Re: alt - data and reason Re: One more thought...

On Mon, 19 May 2008 20:19:57 +0200, Laura Carlson  
<> wrote:

> - Quantitative research often "forces" responses or people into
> categories that might not "fit" in order to make meaning.
> - Qualitative research, on the other hand, sometimes focuses too
> closely on individual results and fails to make connections to larger
> situations or possible causes and of the results.
> Research and data would be interesting to have, but what would it
> prove?

It won't prove anything. It might provide valuable insight.

> Either "quantitative" or "qualitative" [1] may reflect the
> interests of those conducting or benefiting from the research and the
> purposes for which the findings will be applied. Basing important
> decisions on either has drawbacks. Criterion, methodology, etc would
> be a huge bone of contention.


> AUWG and UAWG folks are the experts in this area who could provide
> real insight to the HTMLWG. Through PF, we have asked for their
> advice: "what should an authoring or publishing tool insert, in a case
> where no alt has been provided by the author, but the image is known
> to be 'critical content'?" [2]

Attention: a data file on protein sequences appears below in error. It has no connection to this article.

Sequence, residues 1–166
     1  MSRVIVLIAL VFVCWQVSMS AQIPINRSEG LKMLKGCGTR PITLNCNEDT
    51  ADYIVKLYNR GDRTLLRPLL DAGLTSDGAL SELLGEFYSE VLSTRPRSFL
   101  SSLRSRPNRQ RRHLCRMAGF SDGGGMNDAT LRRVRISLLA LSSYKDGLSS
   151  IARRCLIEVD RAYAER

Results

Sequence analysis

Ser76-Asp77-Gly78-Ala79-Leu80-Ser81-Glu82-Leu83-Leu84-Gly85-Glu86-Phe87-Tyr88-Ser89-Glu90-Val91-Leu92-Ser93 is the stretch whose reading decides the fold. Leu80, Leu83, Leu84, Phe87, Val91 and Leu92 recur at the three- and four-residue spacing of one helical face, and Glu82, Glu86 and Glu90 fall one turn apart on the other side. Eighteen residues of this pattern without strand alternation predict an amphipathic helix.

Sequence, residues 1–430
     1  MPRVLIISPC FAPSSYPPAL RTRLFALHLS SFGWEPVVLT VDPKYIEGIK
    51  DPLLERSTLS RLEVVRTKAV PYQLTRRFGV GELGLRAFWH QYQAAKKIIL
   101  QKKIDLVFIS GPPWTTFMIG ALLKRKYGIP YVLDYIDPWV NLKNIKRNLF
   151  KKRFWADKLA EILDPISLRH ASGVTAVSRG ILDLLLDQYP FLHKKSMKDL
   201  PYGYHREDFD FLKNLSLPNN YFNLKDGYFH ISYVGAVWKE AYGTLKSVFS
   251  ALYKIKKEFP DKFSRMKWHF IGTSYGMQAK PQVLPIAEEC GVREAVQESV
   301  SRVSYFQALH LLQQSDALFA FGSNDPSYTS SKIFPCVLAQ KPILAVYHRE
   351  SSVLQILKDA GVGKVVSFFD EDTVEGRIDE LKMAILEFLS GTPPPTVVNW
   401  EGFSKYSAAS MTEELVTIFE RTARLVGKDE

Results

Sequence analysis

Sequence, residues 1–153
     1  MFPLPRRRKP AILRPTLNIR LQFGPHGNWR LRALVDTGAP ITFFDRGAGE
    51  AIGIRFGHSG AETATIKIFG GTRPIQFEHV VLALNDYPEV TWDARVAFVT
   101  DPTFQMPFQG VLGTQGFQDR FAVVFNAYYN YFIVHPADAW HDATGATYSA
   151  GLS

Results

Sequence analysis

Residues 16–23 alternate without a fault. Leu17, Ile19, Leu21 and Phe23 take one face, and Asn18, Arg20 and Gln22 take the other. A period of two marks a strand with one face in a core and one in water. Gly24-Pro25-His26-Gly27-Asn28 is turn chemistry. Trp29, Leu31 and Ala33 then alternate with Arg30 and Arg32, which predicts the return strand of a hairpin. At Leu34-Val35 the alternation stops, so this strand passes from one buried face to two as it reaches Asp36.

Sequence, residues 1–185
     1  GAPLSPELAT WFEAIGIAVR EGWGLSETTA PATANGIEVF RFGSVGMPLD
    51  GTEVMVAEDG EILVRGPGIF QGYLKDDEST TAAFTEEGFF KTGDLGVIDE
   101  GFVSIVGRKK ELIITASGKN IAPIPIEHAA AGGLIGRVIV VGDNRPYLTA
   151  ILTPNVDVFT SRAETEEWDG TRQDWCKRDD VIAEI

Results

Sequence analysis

That question has a clear answer: It should not include an alt attribute.

The question whose answer we don't know is much more technical:

"Does making the alt attribute required lead, more often, to people  
providing alt than they would otherwise have done, or does it lead more  
often to people providing bogus and therefore harmful alt in order to pass  

> We need to wait for their answer. And we need to listen.

And to get a useful answer to that, we nede to ask it to people who are  
not taken up in this debate, and were probably only vaguely aware of these  
two different possibilities.

And yes, we then need to listen.



Charles McCathieNevile  Opera Software, Standards Group
     je parle français -- hablo español -- jeg lærer norsk   Try Opera 9.5:

Received on Thursday, 22 May 2008 12:29:44 UTC